This is a strange judgment from the Pretoria High Court.
The insured sought an order that the insurer pay the alleged value of his motor vehicle, after it had allegedly been written off in an accident.
The court noted that the insurer had “repudiated his claim due to non-disclosure of material information at the inception of the agreement.” The judgment does not however contain any reference to avoidance of the policy by reason of material non-disclosure, nor to a policy term entitling the insurer to repudiate the claim in those circumstances.
The insured gave evidence that he had never been involved in an accident before taking out insurance with the defendant insurer, and that he had never claimed for any accidents.
But in cross-examination, he conceded that he was involved in two incidents in 2014. The first involved his windscreen being chipped by a stone. He had claimed from his then-insurer but did not proceed with the claim. The second incident involved a cyclist and resulted in the glass from one of his vehicle’s side mirrors popping out. He again claimed from his then-insurer, but again did not pursue it.
The insured did not inform the defendant insurer of these incidents during a 2017 sales call, and conceded during the trial that a reasonable person would understand that information relating to these previous incidents was required for the defendant insurer to assess the risk properly. He also conceded that had the information been available when the policy was concluded, he would have paid a higher premium.
The defendant insurer closed its case without leading any evidence.
The judgment reaffirms that the onus was on the insured to prove the facts necessary to bring the claim within the terms of the insurance policy, and that the insured had failed to do so. There was accordingly no case for the defendant insurer to meet:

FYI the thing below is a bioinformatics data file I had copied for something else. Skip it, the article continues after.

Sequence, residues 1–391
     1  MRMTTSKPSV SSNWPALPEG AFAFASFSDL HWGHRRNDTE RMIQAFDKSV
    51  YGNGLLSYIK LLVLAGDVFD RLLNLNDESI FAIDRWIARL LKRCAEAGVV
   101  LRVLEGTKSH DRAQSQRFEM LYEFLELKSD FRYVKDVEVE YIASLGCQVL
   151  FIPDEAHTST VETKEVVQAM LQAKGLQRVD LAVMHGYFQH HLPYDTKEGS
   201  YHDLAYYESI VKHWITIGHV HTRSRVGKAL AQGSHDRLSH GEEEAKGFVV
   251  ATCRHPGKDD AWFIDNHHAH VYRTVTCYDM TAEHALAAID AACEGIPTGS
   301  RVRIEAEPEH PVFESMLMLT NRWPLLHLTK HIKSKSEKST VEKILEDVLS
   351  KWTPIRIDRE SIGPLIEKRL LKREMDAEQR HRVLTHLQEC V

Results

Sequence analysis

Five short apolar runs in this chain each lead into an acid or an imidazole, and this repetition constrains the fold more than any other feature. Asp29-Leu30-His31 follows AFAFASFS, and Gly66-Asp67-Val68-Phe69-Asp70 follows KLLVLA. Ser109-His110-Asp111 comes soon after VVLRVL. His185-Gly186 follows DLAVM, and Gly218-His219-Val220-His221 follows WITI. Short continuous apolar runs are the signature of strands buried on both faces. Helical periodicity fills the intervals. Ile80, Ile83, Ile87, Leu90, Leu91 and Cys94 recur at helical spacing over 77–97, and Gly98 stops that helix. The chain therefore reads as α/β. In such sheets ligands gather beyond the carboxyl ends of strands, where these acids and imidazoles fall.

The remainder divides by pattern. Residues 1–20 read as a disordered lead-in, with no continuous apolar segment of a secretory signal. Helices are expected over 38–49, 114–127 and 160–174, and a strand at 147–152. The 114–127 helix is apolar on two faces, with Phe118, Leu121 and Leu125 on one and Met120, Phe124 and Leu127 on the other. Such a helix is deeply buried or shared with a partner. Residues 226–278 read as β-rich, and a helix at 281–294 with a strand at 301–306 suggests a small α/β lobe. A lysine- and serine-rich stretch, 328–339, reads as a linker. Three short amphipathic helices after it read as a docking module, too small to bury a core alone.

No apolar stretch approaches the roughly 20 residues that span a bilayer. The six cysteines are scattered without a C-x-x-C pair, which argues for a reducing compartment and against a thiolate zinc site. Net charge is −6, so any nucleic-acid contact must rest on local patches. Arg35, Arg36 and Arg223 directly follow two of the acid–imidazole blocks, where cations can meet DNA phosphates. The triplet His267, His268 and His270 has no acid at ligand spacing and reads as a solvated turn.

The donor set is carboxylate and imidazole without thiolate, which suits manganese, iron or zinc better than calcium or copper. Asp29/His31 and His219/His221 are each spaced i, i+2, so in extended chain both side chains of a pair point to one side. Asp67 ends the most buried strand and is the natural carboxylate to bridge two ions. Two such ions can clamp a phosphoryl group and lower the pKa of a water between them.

“The plaintiff in my view failed to prove that any facts existed for a claim of indemnity in terms of the insurance policy. The plaintiff only testified that there was an accident “in August 2017, the car I insured was involved in an accident.” During cross-examination he was remind that there was a dispute as to whether an accident had occurred and the damages and quantum he claimed. Plaintiff did not respond to the issues in dispute and as a result no evidence was presented before the court of the actual accident and the damages suffered. In my view the plaintiff failed to prove facts necessary to bring his claim within the terms of the insurance contract and the defendant thus never attracted an onus. There was just no case for the defendant to meet.”
Nevertheless, in a final confused paragraph, the court dealt with non-disclosure and said:
“The defendant in avoiding the claim had to prove that the non-disclosure of the previous incidents was material to the assessment of the plaintiff’s risk to show that the repudiation was good. Turning to the matter before me, the plaintiff conceded (i) that the facts were material, that is a reasonable man in the position of the insured would have considered the nondisclosed fact as being reasonably relevant for a proper assessment of the risk and premium; (iv) that the non-disclosed fact caused the party to either enter into the contract at all or on the agreed terms, through admissions and during cross examination. In my view that is the end of the matter, and the defendant correctly repudiated the claim.”
If anything, the judgment illustrates, by default, how not to prosecute an insurance claim.